groups that find it hard to access NHS services and this inequity
needs to be addressed through targeted outreach interventions.
2 People wanting to quit smoking need to know that help is Ealing, Widespread publicity for
available to them. The Task Group suggested a number of local Hammersmith & local services.
marketing initiatives that could be explored to help raise Hounslow
awareness amongst the Ealing public e.g. through pubs, Smoking
supermarkets and other shops and EHHSCS should explore Cessation
these. Particular mention should be given to both the health and Services
financial benefits of quitting.
3 EHHSCS should develop work with the larger organisations in the Ealing, Developing non-smoking
borough and look to approach their workforces with smoking Hammersmith & culture in organisations.
cessation services information through staff communications e.g. Hounslow Supporting quitters and
intranet, payslips and health check mornings. Smoking impacting on staff
4 Encouraging school governors to develop (and adopt) a written Ealing Council Making schools smoke-
tobacco policy for their school is a useful first step towards making Executive Director free.
schools smoke-free. A template policy used by Health Promotion Learning & Consistent approach to
is simple and flexible enough to allow all schools to develop and Ambition smoking in Ealing
own their policies. Policies should be developed in parallel with schools.
provision of smoking cessation services, available for governors, School governing
staff, students and parents. Tobacco use is in the curriculum and bodies
should be covered at the same time to enable a whole school
Ref Recommendation Responsibility Desired impact End Action Financial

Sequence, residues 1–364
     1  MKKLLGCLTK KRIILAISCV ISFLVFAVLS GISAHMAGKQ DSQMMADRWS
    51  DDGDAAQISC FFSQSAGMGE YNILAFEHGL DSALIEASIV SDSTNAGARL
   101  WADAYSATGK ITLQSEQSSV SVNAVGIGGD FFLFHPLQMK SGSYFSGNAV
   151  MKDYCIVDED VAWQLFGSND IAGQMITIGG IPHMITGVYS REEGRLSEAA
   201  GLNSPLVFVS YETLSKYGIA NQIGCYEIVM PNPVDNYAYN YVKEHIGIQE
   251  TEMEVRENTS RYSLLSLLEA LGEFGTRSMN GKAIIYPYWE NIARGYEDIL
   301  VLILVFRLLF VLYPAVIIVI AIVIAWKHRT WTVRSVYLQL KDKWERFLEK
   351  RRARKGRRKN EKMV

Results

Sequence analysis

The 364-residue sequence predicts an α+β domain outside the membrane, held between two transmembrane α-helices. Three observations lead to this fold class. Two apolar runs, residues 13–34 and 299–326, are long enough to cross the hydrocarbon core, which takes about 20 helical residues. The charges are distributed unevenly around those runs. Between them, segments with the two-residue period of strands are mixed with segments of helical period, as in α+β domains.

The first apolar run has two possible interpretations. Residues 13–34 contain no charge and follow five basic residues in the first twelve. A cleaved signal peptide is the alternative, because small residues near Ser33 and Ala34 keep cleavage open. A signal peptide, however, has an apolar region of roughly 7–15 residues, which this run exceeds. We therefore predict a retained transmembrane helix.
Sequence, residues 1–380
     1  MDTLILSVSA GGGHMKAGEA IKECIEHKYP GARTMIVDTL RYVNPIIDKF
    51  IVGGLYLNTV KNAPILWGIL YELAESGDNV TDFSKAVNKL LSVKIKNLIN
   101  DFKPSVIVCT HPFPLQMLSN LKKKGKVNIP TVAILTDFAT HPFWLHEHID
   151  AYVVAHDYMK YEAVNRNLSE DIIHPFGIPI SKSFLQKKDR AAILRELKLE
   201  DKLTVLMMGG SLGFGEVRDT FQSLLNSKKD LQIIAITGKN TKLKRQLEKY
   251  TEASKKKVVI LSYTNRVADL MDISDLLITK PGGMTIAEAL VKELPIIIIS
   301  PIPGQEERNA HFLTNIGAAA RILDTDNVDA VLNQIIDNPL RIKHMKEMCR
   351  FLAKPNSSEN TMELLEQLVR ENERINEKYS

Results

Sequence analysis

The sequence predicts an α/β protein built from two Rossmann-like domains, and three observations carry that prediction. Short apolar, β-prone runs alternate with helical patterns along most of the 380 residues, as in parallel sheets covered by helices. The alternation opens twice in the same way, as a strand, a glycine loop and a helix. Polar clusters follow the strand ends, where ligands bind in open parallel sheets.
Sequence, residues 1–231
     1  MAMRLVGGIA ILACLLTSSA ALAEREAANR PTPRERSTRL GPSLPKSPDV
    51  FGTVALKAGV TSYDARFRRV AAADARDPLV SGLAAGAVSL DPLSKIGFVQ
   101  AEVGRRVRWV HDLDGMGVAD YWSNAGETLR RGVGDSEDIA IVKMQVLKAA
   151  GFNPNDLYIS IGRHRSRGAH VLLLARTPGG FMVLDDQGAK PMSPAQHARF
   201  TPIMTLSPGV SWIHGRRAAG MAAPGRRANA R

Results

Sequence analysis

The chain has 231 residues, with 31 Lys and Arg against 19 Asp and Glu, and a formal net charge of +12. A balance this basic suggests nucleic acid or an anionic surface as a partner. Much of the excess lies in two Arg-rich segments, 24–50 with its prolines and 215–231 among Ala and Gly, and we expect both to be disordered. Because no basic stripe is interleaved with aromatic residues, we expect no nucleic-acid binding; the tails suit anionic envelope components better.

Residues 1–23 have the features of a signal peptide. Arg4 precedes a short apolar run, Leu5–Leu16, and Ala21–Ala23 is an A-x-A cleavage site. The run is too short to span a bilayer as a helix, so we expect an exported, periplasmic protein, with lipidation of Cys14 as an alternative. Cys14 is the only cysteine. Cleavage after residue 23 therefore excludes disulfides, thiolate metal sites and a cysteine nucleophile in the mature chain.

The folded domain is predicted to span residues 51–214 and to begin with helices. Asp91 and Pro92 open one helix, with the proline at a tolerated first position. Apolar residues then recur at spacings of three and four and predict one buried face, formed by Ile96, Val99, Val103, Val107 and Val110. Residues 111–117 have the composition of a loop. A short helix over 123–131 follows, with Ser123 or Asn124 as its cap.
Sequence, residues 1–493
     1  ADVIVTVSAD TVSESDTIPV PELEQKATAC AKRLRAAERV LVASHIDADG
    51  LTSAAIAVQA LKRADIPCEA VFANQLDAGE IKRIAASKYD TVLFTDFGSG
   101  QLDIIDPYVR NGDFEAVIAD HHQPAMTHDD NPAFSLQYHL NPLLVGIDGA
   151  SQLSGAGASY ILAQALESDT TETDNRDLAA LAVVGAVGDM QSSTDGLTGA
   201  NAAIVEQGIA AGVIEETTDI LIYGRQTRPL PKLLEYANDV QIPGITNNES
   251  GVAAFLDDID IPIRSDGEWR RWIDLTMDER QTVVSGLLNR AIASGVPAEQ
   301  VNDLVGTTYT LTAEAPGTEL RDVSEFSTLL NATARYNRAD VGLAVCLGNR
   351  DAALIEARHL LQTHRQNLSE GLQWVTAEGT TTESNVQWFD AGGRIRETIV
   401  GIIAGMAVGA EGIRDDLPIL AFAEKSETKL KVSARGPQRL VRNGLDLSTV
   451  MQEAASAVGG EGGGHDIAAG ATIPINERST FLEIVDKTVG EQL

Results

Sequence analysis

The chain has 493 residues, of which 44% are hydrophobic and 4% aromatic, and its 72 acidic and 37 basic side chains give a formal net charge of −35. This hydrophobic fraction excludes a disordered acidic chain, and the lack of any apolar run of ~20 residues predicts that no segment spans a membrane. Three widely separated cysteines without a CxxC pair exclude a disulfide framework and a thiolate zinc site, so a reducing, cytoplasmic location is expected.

assigned to: Date By Implications
approach to the issue. A policy on tobacco could link to that on
illegal substances but should be capable of standing alone.
5 In addition to a tobacco policy being developed and adopted in Ealing Council Making youth provision
schools (as recommended in Recommendation 4), a similar policy Head of Youth & smoke-free.
should be developed to extend to services covered by the Youth Connexions Consistent approach to
and Connexions Services. Service smoking across youth
people to take
6 Ealing Council‟s smoking policy should be confirmed and fully Ealing Council Confirmation of Ealing
ratified. This should draw on the previously drafted smoking Executive Director Council‟s approach to
policy for the council and the draft smoking policy developed by of Talent & smoking and its wider
ASH to guide the process of developing a corporate policy. This Diversity impacts.
should note the availability of smoking cessation services to Encouraging smokers to
support staff wanting to quit smoking and use the findings from quit and offering adequate
the staff survey as a basis for addressing staff attitudes and needs support to aid this.
and to develop a comprehensive strategy for smoking cessation Positive impact on staff
support within the organisation. In the long-term, this could be absenteeism.
used as a template to progress work in other large organisations
in the borough.
7 Council work on the implementation of no-smoking frameworks Ealing Council, Cleaner, more welcoming Cost of
and initiatives should begin within Perceval House as the central Executive Director entrances. signage and
council complex (tying in with Response Programme of Customer Displacement of smokers. any
developments) and then extend out to other council buildings. Engagement & Encouraging smokers to alternative
Ealing Council should enforce a ban on smoking by staff and Innovation quit. facilities for
members in the near vicinity of entrances to the Council‟s public Relating to Response smokers
buildings, and offer alternative facilities for smokers (e.g. Programme image of (Ealing
dedicated outside shelter). It should set an example to other Council. Council)
organisations through Council halls and rooms that are hired out
being completely smoke-free. There is enough expertise within
the PCT and the council to provide advice on implementation of